Dennis Prager
If I were a movie star or a media liberal and therefore been invited to deliver a college commencement address, this is what I would have said: My dear college graduates, here are seven ideas for life. 1. The greatest struggle in your life is not with society but with yourself. This idea is not taught today. We are taught that we are victims of society -- of its sexism, racism, ageism, homophobia and ethnic prejudices. The overwhelming temptation is therefore to see your problems as being with America and not with yourself. But this is all false. We are each our biggest problem. 2. Use your common sense. Whenever you hear the words "studies show" -- outside of the natural sciences -- and you find that these studies show the opposite of what common sense suggests, be very skeptical. I do not recall ever coming across a valid study that contravened common sense. For example, I was told when I was in college that "studies show" that boys and girls are not inherently different; they only differ because parents raise them in a sexist manner. This was nonsense, and now almost no one believes this. Now we are told that "studies show" that it is not better for children to have both a mother and a father, that it is just as good to begin life with a single parent or with two fathers or two mothers. But, with all respect to any person who raised a good child, this, too, is nonsense. Of course it is better to begin life with a good father and mother. 3. Race is unimportant. The color of people's skin is as trivial as the color of their hair. Be guided by the idea of Viktor Frankl, the Jewish psychiatrist who suffered the horrors of a Nazi death camp and whose family was gassed. After the Holocaust, he was asked, "Do you hate the Germans?" "No, I don't," he replied, "because there are only two races, the decent and the indecent." Remember that truism, and you can never be racist. 4. Don't leave your values at home. Whatever you do professionally, don't leave your values at home when you go to work. Many people in my profession, the electronic media, are decent people. But they leave their decent values at home when they go to work. At work, they produce a lot of garbage because ratings demand it. So, too, many lawyers are fine men and women at home, but they leave their decency at home when they enter a courtroom -- because obtaining the verdict they want demands it. It is not hard to succeed professionally. What is hard is to succeed with your integrity intact. 5. Beware of bad ideas. The 20th century, the century of gas chambers and gulags, was the bloodiest and cruelest century in history. Why? Not because so many people were bad, but because so many believed in bad ideas. The Islamic terrorists who slit flight attendants' throats and slaughtered 3,000 American innocents on September 11, 2001, were not sadists; they were normal people who believed in evil ideas. Here is a quick way to measure if an idea is good. Ask two questions: Does believing this idea make a person more ethical? Does the idea hold all people accountable to the same moral code? For Nazis, Communists and Islamic radicals, the answer to both is no. 6. Your behavior matters far more than your intentions. That you mean to do something good or that you are sincere doesn't mean much. What matters is how you act. If you do something bad, it is not important that you "meant well." So spend much less time monitoring your motives and far more time monitoring your actions. 7. Judeo-Christian values are the real counterculture. Many people think that dressing weird or having your body pierced is a statement of individuality, strength and rebellion against the dominant culture. Not true. The ultimate counterculture and strength in America today is to take the God of Judaism and Christianity seriously. If you want to be an individual and to be strong, affirm a higher value system that enables you to say no to the prevailing culture. When you know to whom you are accountable and when you march to the beat of that Higher Drummer, you will lead a more peaceful, happy and individualistic life. Good luck.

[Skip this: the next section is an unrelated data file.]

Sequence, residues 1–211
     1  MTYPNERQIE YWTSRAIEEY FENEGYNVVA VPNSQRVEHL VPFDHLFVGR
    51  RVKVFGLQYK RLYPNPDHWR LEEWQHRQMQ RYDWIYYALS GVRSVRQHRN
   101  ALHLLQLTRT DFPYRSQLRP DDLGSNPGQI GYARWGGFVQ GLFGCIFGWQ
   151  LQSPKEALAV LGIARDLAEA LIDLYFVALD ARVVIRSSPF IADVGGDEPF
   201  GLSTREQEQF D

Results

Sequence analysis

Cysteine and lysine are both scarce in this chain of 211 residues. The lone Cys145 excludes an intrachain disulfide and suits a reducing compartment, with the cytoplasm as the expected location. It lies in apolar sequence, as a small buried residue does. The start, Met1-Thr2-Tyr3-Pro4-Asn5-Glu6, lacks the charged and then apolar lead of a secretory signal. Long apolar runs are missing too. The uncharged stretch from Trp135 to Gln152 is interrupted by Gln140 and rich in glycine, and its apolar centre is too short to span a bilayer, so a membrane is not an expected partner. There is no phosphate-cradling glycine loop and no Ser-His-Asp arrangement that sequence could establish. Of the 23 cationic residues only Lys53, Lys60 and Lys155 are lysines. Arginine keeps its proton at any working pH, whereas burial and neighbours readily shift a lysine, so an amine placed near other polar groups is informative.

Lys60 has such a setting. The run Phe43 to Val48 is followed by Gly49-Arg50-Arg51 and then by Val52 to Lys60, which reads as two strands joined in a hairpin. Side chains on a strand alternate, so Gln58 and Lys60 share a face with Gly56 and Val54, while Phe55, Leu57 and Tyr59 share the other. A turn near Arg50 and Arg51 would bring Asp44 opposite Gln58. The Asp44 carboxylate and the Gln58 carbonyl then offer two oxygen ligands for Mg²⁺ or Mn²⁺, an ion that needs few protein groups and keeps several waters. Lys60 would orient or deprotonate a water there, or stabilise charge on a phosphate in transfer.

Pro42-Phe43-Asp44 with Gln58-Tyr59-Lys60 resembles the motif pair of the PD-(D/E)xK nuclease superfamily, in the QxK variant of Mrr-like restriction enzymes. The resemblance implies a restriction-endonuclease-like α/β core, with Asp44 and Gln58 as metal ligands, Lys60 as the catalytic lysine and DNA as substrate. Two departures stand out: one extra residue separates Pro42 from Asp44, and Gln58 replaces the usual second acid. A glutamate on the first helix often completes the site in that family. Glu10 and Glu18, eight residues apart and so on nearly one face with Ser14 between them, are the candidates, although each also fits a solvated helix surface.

Dennis Prager

Dennis Prager is a SRN radio show host, contributing columnist for Townhall.com and author of his newest book, Still the Best Hope: Why the World Needs American Values to Triumph.
 
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